Tuesday, 15 November 2016

Camino de Santiago Tips

A friend of mine recently asked for some tips for his Camino Adventure. So here is a list I made. Hope you'll find it useful.

Camino de Santiago Tips

  1. Watch the movie “The Way” starring Martin Sheen and Emilio Estevez to give you an idea of the walk.
  2. You might want to read “The Pilgrimage” as well by Paulo Coelho. (Although I have not yet read this book)
  3.  The most recommended route would be the Camino Frances or the French way.
  4.  If your schedule fits, you may want to walk the entire stretch coming from St. Jean Pied de Port which is from France near the border. The entire walk would take about 30-35 days , 700 kilometres 
  5. I f you want to start halfway, recommended starting point would be Burgos or Leon.
  6.  Best time to travel would be just after summer around September (to avoid the crowd)
  7.  Download the app Camino Pilgrim which gives you an idea of the recommended stops as well as the albergues, supermarkets, pharmacies along the way. I am not sure if this is available in Apple.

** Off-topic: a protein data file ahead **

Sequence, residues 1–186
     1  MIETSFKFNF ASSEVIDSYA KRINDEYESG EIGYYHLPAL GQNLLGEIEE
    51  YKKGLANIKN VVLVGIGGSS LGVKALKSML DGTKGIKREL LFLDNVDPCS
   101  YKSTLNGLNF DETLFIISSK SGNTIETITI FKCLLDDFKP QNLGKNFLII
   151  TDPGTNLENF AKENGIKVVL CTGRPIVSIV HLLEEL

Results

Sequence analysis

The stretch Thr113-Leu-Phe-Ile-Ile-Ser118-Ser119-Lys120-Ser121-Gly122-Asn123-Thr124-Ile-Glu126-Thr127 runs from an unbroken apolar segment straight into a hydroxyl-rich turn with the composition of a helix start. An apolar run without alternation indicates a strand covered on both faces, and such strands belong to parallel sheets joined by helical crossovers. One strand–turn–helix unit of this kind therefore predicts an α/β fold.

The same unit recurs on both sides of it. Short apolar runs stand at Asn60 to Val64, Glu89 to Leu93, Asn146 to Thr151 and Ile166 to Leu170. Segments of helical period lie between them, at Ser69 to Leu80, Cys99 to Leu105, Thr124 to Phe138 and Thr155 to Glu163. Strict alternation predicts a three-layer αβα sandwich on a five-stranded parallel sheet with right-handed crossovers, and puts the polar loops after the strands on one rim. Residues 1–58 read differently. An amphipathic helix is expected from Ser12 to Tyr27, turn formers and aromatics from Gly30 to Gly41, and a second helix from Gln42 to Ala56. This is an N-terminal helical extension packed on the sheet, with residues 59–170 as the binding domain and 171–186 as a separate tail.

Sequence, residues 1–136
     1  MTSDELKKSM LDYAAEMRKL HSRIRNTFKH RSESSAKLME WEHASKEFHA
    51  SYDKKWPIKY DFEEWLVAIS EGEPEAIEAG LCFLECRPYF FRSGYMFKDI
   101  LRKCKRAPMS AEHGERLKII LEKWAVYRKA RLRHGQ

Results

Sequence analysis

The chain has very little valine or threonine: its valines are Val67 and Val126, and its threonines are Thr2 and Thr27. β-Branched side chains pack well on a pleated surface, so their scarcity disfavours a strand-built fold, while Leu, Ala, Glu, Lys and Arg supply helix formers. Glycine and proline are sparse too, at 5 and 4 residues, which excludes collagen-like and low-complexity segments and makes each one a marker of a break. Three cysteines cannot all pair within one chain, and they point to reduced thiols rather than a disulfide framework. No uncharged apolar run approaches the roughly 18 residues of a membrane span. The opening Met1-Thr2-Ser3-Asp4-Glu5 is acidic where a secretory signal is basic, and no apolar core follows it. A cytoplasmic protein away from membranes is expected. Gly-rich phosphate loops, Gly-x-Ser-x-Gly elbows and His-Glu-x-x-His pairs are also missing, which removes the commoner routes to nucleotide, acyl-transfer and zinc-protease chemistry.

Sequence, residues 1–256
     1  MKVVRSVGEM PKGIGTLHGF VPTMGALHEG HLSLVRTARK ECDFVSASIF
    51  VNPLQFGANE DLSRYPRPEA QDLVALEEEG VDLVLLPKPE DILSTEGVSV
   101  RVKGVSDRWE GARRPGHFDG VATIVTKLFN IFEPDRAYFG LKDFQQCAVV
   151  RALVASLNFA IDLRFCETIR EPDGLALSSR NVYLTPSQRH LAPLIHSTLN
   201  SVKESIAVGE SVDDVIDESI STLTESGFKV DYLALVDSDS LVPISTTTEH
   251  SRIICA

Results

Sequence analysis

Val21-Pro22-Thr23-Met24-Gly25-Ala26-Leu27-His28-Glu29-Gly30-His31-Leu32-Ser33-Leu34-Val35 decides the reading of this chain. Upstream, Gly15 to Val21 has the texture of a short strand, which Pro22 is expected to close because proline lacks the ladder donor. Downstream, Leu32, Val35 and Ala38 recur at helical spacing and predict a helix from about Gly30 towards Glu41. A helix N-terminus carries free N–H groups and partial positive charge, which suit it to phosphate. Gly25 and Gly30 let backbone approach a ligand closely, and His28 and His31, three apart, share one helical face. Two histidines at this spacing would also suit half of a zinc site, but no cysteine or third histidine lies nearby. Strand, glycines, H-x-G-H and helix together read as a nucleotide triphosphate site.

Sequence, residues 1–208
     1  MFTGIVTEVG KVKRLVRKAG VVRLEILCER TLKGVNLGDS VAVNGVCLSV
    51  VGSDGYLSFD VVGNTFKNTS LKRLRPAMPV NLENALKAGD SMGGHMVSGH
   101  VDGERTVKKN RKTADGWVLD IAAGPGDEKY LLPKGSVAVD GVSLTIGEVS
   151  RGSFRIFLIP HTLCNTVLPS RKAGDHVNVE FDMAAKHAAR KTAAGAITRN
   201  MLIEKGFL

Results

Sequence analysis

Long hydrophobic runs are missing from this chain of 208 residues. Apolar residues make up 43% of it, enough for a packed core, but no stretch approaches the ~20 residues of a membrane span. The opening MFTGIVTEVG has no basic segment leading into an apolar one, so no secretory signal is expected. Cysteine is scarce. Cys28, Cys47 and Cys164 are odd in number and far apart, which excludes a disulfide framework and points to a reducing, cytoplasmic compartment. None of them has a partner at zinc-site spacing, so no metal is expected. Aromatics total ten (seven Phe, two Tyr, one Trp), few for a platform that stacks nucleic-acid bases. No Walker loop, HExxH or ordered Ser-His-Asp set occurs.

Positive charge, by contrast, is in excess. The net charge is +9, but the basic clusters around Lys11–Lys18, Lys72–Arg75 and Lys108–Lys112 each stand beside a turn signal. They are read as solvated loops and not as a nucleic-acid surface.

8. You can buy the Pilgrim’s passport at the major stops. You need this to be stamped when you enter the albergue. You need the passport in order to claim your certificate at Santiago.
  9.  Travel light. Leave the unnecessary stuff behind. My rule of thumb is to bring 3 sets of clothes. You can have your laundry every 3 days.
  10. Add 50% buffer in your travel time so you won’t be pressured and you can travel at your own desired pace.
  11. Buy a local SIM.
  12.  Don’t forget to pack the following: slippers, headlight or flashlight, wet wipes, adaptor, mulitplug adaptor, ziplock bags, trash bag, ear plugs, sun block, microfiber towel.
  13.  Try to fit everything in a 20-liter bag
  14.  Don’t be prudish. Some albergues especially the municipal ones or Xunta have communal showers. They cost 6euros/night/person. For more privacy you can opt for the private albergues which cost about 10 to 15 euros.
  15. Bring a stone – There is a tradition of bringing a stone at the start of your journey and  then leaving it at Cruz de Hiero. This symbolizes atonement for one’s sins.
  16. Bring a water bottle. It’s good to be always hydrated. There are water filling stations along the way